Short sellers are less active in companies that perform strongly on environmental, social and governance factors as ESG ETFs attract record inflows.
North American companies that rank in the top 10 per cent based on ESG ratings have 1.8 per cent shares on loan, less than half of that seen worldwide, IHS Markit analysis shows.
Research analyst Simon Colvin says there are still plenty of short targets among firms ranked highly for ESG, but that this is likely company specific.
Hanes is the top target, despite scoring in the fourth percentile for ESG ratings, with 17 per cent of shares shorted, reflecting headwinds in US retail.
Tesla is among the most shorted stock globally. Chief executive Elon Musk regularly tells investors it is strongly overvalued despite his faith in its long-term future.
The finding comes as ESG ETFs enjoy record inflows with investors ploughing $950m into the products in 2016.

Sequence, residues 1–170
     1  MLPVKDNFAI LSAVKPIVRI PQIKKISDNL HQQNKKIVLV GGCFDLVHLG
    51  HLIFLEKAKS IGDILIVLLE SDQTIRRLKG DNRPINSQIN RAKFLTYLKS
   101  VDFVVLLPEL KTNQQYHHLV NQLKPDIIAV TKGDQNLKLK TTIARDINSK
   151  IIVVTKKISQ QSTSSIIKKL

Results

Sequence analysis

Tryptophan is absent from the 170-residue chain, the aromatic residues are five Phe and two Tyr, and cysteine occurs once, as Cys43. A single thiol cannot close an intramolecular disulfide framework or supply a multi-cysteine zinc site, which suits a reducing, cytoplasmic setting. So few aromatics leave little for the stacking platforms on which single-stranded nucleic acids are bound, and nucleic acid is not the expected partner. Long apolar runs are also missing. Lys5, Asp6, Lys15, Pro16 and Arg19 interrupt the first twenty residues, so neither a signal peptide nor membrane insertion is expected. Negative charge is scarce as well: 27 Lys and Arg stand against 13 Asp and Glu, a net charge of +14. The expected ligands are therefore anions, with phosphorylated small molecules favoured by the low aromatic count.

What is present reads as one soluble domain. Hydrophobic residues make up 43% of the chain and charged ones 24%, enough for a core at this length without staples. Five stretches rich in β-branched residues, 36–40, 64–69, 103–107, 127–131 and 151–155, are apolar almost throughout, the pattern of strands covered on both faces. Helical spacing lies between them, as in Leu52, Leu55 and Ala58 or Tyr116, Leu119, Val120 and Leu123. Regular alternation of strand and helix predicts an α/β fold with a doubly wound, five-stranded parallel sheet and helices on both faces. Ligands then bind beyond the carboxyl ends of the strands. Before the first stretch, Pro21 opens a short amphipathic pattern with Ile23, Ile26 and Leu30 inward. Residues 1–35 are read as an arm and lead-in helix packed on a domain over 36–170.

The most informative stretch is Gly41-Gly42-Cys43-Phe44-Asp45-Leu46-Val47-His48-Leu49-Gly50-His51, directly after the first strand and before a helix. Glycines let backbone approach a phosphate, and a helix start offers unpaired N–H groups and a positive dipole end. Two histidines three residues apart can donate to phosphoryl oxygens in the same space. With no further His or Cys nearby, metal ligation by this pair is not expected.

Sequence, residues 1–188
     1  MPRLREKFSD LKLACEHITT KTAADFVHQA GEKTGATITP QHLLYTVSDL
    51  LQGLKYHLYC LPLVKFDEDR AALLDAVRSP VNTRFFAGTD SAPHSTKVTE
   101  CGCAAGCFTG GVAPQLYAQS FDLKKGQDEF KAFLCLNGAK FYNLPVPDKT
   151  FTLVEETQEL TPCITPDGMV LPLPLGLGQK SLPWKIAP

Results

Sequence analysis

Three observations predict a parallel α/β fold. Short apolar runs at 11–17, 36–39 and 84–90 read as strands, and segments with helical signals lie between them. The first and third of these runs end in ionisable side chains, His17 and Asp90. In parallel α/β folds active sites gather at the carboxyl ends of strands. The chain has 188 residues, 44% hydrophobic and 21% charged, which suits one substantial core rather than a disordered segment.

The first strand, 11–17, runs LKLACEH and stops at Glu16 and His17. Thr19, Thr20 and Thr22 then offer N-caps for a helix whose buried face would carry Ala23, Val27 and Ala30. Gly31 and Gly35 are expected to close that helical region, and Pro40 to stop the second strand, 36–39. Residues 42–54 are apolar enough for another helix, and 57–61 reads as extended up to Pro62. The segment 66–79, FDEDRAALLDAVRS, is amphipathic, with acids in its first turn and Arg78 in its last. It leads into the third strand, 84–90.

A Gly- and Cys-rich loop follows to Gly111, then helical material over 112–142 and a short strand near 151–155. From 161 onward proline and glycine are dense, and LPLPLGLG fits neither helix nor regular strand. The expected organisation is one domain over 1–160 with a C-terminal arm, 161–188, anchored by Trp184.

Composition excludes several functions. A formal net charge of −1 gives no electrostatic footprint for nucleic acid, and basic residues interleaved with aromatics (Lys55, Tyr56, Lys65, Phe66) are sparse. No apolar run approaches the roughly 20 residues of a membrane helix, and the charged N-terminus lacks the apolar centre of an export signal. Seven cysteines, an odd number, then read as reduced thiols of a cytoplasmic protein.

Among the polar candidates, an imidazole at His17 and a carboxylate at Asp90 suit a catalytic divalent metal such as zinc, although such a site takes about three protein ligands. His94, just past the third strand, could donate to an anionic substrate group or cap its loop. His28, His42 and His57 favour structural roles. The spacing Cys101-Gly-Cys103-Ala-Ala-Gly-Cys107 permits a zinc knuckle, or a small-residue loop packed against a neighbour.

The record year of inflows looks set to be repeated again this year with $800m accumulated year to date taking total AUM to $5.5bn.
European investors have contributed to 60 per cent of this year’s inflows.
The analysis also shows that ESG stocks deliver significant outperformance over a five-year period.
The top 10 per cent of the North American market by ESG rating returned 1.2 per cent a month on average – a third more than the average 0.9 per cent.
In contrast, the companies ranked worst on ESG only delivered average monthly returns of 0.6 per cent – a third less than the average.
Colvin also notes that a Google trend analysis of ESG search terms shows interest in the topic doubling over the last two years.
Morningstar Direct data seen by Fund Strategy shows unique users of ESG fund data quadrupled in the month’s following Donald Trump’s inauguration to the US presidency.